Ornette Coleman

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Ornette Coleman

Randolph Denard Ornette Coleman (March 19, 1930 - June 11, 2015) was an American jazz saxophonist and composer.


  • I mostly like things that have causes more than effects, and this seemed to be a tune that is mostly effects. I don't get the cause clearly.
  • I mostly like things that have causes more than effects, and this seemed to be a tune that is mostly effects. I don't get the cause clearly.
  • Let's play the music and not the background!
    • As quoted in "Building New Jazz; Rhythm Mode" by Hollie I. West, in The Washington Post (February 14, 1971), p. N9.
  • I wasn't so interested in being paid. I wanted to be heard. That's why I'm broke.
    • Esquire, January 2010, p. 90
  • The only thing my mother would say about my music—I'd say, "Mom, listen to this," and she'd say, "Junior, I know who you are."
    • Esquire, January 2010, p. 90


  • When people like Gunther Schuller and John Lewis, whose musicianship I respect, back and support this so openly and fervently, I don't know what to think. I just can't figure it out. From the very first note it's miserably out of tune. [...] I should like to revise one rating. After hearing "Embraceable You" by the Ornette Coleman group, I'd like to raise the rating on Phil Woods' "Midnight Sun Never Sets" to 12!
  • When asked to play a 12-bar blues, Ornette Coleman fingered his plastic saxophone and played nothing...he's felt more nothing than you or I know.
  • I like Ornette's approach to writing. I wish I could see more of a link between the writing and the solos. It's like a building without any foundation and something's got to keep it up in the air. Even an atom-powered submarine has to go back to home base sometimes ... You've got to know where home is. You've got to acknowledge that somewhere.
  • In my estimation a very important date, along with some of Ornette's earlier dates. It was very important insofar as the direction of the music; jazz, specifically the avant-garde ... Ornette inspired me to move from the canal-like narrow-mindedness of the '40s through the later '50s, to the later Grand Canyon-like harmonic awareness of the '60s ... I think he might have had some bearing on Newk Rollins and the impeccable John Coltrane.
  • Whichever alto player it was, I wish he would play in tune. He's got good ideas, but it would help to get them across a little more, you know, if ... unless that's considered to be a little bit more freedom—if you can take liberties with the intonation like that. if that's liberty, boy, they're making an ass out of Abraham Lincoln! I think it would be a good idea for everybody to just leave Ornette alone for about five years and let him get himself together rather than subject him to all the controversail ends of it ... he's searching and he should at least have the liberty to do it in peace.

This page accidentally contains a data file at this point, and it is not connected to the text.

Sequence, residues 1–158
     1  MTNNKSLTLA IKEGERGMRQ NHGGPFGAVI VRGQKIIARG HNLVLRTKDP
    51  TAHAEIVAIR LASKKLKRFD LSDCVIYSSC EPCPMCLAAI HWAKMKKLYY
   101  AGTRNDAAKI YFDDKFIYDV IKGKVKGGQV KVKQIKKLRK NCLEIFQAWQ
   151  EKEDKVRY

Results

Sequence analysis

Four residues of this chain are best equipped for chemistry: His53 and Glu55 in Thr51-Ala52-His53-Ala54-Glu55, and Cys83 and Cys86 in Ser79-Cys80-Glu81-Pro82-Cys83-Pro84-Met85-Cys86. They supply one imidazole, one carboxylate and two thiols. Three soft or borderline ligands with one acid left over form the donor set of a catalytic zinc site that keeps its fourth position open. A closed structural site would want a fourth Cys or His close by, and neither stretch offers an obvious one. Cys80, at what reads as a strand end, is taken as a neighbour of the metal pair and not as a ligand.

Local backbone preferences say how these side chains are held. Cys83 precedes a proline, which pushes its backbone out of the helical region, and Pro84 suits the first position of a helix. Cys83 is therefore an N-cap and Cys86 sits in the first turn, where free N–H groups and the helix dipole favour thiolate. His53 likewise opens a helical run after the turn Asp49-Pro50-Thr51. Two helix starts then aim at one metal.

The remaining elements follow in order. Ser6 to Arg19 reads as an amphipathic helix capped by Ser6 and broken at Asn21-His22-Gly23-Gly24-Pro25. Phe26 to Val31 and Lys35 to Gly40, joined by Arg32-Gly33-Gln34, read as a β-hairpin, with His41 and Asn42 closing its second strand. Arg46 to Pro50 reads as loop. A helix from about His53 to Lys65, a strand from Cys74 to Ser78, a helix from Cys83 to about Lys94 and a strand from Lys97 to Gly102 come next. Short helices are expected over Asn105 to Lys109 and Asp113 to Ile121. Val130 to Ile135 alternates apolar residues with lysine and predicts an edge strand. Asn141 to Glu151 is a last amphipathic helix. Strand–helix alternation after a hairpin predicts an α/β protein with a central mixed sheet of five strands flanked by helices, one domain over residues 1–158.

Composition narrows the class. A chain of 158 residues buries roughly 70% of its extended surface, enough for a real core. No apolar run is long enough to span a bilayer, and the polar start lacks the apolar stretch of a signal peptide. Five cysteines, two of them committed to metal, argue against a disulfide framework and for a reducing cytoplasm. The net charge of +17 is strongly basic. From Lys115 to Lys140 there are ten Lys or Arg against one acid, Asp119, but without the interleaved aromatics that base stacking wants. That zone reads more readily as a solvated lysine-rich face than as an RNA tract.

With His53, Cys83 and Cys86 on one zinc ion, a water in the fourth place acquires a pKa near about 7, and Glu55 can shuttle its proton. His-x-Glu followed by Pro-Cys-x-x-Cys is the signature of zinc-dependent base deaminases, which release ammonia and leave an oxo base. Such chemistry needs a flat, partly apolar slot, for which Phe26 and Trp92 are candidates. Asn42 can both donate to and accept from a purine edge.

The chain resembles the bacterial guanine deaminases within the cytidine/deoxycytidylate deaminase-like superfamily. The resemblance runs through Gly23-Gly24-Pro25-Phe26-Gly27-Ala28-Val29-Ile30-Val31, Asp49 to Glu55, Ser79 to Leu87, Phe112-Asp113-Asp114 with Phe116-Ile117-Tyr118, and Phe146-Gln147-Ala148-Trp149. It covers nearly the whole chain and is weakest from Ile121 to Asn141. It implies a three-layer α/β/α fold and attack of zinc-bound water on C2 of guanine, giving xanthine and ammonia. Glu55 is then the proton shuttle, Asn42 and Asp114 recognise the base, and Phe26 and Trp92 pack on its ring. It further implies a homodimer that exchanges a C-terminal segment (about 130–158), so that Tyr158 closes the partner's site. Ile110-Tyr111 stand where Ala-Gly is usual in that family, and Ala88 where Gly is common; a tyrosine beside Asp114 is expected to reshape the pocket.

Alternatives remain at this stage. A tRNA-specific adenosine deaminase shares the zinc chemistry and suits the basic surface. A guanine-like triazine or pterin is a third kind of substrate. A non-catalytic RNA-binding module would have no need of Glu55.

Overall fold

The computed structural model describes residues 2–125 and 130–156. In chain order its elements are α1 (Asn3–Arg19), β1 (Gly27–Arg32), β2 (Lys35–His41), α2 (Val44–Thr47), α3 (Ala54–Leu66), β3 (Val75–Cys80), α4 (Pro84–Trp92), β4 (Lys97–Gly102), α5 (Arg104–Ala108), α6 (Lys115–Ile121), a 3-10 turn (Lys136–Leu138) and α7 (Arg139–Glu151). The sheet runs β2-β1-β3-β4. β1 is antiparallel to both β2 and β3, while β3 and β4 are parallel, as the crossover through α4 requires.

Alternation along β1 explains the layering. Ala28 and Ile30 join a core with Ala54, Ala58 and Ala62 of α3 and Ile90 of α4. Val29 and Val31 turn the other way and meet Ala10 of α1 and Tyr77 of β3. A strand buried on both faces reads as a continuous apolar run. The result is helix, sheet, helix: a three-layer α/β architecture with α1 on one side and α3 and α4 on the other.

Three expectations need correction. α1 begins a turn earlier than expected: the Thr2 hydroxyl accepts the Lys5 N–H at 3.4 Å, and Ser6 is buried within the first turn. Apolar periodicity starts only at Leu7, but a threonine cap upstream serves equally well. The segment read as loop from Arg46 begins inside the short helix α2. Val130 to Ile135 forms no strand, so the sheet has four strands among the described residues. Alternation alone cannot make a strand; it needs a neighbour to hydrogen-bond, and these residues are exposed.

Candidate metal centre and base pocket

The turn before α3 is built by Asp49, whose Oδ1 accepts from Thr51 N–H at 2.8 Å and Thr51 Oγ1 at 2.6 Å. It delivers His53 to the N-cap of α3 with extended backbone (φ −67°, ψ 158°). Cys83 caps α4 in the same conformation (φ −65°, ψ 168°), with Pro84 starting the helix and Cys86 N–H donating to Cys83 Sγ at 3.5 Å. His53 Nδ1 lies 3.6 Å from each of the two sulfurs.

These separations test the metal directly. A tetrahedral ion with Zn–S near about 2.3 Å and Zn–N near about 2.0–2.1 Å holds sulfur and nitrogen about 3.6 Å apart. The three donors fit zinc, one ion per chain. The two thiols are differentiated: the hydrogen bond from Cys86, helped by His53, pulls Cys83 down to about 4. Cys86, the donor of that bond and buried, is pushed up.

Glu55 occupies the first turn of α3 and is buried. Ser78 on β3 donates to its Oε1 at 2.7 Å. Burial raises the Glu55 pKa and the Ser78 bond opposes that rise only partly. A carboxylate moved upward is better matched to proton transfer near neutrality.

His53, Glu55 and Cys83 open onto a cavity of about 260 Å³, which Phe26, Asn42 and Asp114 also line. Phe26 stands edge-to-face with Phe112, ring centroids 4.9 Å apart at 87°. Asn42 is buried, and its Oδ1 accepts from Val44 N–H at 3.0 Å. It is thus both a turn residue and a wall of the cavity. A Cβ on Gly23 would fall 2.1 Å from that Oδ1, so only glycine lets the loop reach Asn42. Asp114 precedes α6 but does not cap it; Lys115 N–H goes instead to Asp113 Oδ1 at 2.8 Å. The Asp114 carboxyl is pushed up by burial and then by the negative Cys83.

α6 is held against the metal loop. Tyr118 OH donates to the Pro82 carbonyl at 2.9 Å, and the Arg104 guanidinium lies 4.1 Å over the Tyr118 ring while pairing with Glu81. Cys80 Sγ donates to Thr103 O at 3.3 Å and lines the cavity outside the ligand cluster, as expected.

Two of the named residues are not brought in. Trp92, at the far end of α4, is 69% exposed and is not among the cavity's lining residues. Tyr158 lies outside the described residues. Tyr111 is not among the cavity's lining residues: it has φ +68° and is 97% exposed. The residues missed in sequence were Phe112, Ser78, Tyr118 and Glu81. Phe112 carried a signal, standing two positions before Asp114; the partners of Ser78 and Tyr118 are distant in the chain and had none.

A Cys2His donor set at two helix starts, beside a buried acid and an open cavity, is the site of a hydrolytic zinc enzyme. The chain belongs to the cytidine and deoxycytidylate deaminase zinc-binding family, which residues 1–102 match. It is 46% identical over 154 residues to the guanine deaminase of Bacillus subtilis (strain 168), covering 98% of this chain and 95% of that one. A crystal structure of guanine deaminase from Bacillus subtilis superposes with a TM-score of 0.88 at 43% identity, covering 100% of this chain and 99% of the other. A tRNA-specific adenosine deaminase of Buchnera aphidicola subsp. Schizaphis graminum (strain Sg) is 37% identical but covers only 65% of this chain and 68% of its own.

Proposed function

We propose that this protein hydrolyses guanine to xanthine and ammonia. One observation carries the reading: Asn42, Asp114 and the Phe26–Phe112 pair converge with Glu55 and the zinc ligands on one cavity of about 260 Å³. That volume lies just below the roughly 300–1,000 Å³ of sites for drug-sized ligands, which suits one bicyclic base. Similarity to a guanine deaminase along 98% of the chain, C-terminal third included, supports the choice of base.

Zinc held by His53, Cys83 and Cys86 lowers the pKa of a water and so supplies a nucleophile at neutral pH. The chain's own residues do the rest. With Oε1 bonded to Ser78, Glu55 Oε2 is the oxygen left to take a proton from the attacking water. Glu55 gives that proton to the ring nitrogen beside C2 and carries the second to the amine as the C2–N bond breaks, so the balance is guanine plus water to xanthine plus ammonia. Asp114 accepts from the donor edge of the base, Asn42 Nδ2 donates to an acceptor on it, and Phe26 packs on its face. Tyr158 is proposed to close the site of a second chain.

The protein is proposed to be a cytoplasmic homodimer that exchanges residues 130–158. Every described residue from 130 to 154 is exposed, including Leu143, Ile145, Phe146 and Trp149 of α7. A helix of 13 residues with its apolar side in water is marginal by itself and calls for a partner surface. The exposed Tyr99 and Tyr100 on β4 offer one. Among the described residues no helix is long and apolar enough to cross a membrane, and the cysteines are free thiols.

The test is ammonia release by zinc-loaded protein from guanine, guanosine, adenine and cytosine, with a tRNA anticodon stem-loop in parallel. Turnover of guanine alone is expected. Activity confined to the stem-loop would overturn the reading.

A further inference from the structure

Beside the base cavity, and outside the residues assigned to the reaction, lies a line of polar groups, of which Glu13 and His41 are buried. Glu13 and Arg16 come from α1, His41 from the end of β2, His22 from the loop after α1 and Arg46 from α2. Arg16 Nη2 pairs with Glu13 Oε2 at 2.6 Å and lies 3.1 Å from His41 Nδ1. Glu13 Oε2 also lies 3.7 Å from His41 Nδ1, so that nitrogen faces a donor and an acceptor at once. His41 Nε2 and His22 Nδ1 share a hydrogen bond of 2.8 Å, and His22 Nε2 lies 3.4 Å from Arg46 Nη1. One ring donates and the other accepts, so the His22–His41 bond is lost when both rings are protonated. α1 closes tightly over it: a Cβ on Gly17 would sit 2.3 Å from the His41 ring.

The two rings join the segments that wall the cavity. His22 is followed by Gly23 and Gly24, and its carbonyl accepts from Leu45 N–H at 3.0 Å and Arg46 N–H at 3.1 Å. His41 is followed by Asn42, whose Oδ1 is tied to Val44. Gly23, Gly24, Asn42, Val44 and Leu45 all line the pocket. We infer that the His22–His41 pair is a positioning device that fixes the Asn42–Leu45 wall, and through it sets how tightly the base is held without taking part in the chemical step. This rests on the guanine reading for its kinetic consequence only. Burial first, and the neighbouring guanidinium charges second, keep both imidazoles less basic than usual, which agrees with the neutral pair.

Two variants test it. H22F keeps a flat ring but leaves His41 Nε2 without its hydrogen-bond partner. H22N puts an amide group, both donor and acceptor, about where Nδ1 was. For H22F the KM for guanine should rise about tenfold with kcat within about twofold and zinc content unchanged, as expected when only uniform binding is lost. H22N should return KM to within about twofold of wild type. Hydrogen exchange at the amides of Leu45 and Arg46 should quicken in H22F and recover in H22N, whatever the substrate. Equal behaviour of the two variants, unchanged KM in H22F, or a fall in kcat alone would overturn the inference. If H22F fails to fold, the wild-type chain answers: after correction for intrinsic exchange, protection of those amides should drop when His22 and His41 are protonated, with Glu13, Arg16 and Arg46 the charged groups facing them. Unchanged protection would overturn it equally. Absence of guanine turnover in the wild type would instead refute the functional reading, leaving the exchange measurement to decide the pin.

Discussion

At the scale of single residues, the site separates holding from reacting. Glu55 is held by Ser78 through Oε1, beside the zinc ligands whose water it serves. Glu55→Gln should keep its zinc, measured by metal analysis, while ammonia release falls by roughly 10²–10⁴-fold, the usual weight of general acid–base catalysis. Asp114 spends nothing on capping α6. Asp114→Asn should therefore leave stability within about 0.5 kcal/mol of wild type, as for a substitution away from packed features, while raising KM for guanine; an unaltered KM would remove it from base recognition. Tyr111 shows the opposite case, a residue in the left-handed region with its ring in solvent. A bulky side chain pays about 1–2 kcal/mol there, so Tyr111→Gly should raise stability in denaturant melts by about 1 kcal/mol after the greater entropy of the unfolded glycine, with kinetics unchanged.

• There's two driving forces for every jazz player—the playing and the writing ... Ornette's writing was a little bit ahead of his playing when this record was made. He has a wonderful sense of humor, and the compositions are very interesting. But I don't think he plays his compositions as well as he wrote them.
  • I'm in favor of Ornette and many of the things he has done ... he does possess the basic elements that go to make up a jazz artist ... a rhythmic drive ... qualities you can find in everybody since Louis Armstrong—all the good guys ... I can still see in his figures a certain quality that was exemplified by Bird. Everybody says Ornette's playing sounds weird or so forth. But the basic jazz essentials, as I said ... Ornette has—the drive and the rhythm. Rhythm is the most necessary part, the prerequisite for the jazz musician—the positive element. But, of course, harmony is the negative through which the positive must exert itself.
  • His musical inspiration operates in a world uncluttered by conventional bar lines, conventional chord changes, and conventional ways of blowing or fingering a saxophone. Such practical 'limitations' did not even have to be overcome in his music; they somehow never existed for him. Despite this--or more accurately, because of this--his playing has a deep inner logic. Not an obvious surface logic, it is based on subtleties of reaction, subtleties of timing and color that are, I think, quite new to jazz--at least they have never appeared in so pure and direct a form.

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